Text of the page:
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Friday, May 13, 2011

No Evidence That Privatizing Medicare Improves Cost Control

Uwe Reinhardt says the argument that privatization lowers health care costs "is, at this point, faith-based analysis":

Would Privatizing Medicare Lead to Better Cost Controls?, by Uwe E. Reinhardt: The annual Milliman Medical Index, released earlier this week ... is particularly timely as the nation considers proposals to reduce sharply the role of the federal government in financing health care, along the lines proposed by Paul D. Ryan...
The index measures the total cost of health care for a typical American family of four covered by a preferred provider plan, widely known as a P.P.O. The index’s great virtue is that it includes not only the employer’s and employee’s contributions to the premium for P.P.O. coverage but also the out-of-pocket expenses the family has under the plan.
Employers can control the growth of health insurance premiums by shifting more and more of the cost from the insurance policy to the family’s budget, through higher deductibles and coinsurance or by excluding benefits from coverage that had previously been covered. ...
...Over the decade, the index exhibited an average compound annual growth rate ... of 8.8 percent, although, in recent years, that rate has ranged between 7 and 8 percent... In recent years, the growth in employee compensation has hovered beneath 3 percent.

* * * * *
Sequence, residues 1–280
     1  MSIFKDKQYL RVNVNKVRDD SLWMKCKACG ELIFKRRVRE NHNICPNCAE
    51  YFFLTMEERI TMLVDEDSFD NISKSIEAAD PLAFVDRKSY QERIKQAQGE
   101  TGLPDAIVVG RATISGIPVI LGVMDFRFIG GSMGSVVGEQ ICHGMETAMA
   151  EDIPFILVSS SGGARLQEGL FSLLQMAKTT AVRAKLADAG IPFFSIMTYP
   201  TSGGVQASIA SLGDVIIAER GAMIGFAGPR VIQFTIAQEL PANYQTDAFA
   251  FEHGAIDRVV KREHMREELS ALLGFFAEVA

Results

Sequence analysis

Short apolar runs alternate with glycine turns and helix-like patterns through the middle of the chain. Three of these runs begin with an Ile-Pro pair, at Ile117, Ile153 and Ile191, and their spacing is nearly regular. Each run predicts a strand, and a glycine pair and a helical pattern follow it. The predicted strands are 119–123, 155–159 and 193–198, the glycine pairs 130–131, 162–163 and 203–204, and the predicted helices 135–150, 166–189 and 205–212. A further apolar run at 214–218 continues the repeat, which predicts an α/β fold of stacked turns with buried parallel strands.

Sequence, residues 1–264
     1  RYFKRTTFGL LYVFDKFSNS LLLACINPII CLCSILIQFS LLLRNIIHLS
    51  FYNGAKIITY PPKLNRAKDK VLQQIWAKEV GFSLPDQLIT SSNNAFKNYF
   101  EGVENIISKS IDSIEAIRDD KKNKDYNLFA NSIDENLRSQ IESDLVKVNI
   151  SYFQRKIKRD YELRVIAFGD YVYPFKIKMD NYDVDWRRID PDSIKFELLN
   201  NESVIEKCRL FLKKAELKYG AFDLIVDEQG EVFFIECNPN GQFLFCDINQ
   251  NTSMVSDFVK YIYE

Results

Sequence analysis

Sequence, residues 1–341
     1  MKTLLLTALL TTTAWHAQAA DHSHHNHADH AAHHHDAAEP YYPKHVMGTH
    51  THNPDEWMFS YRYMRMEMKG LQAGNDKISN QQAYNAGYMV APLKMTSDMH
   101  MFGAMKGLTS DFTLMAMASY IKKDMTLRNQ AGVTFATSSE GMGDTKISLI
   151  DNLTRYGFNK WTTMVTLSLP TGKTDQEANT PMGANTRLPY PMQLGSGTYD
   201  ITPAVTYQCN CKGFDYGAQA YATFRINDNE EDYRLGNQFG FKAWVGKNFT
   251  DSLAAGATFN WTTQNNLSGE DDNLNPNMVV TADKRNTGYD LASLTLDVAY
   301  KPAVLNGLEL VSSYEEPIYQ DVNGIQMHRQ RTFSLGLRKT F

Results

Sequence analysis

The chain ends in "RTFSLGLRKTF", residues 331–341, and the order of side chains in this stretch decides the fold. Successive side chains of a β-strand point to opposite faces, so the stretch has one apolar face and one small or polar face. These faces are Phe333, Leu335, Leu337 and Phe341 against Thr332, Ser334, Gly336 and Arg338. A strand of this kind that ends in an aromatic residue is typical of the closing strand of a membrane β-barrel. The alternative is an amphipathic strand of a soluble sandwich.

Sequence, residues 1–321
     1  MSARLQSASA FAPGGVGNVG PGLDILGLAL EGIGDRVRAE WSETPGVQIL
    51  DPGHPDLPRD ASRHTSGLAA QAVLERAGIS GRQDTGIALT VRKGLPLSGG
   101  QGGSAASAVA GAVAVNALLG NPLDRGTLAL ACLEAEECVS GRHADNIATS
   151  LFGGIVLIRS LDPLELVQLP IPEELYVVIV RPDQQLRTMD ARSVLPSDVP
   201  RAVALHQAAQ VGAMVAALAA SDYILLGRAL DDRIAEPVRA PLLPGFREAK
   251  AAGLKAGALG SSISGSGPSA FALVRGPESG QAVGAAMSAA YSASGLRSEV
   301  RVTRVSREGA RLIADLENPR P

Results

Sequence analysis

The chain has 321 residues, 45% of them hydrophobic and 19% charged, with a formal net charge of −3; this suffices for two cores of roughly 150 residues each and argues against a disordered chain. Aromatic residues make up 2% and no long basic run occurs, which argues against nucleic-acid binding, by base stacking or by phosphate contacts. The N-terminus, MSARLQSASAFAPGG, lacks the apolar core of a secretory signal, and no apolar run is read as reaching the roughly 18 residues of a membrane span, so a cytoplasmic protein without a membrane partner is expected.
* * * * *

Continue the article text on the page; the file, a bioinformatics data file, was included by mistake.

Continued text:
In other words, health care is chewing up employees’ paychecks like Pac-Man in the famous arcade game. And there is considerable empirical evidence that the employer’s ostensible contribution to the employee’s health-insurance premiums actually comes out of the employee’s take-home pay. ...
Milliman data do not suggest that superior control over total health spending — as opposed to controlling premium growth through cost-shifting to private household budgets — is among the industry’s strengths. To argue that the industry can do so is, at this point, faith-based analysis.
Indeed, a December 2010 report by the American Health Insurance Plans, or A.H.I.P., the industry’s trade association, itself cast doubt on that score. ... The available data do not lend credence to the prediction sometimes made in connection with the Ryan plan for Medicare that private insurers will be able to control the overall health spending of elderly Americans any better than traditional Medicare has been able to. ...

I think that:

We know what works for health care cost control. Other countries deliver universal care at lower costs and similar quality, and I believe that once we’ve tried other avenues that fail, this is where we will end up. There will be lots of false starts, delays and dead-ends along the way—and a voucher program, if pursued, is one of those dead ends. But the day will come when we realize that using successful systems in other countries as models for reform is the best way to provide universal access to health care at the lowest possible price.

    Posted by on Friday, May 13, 2011 at 01:17 PM in Economics, Health Care | Permalink  Comments (90)


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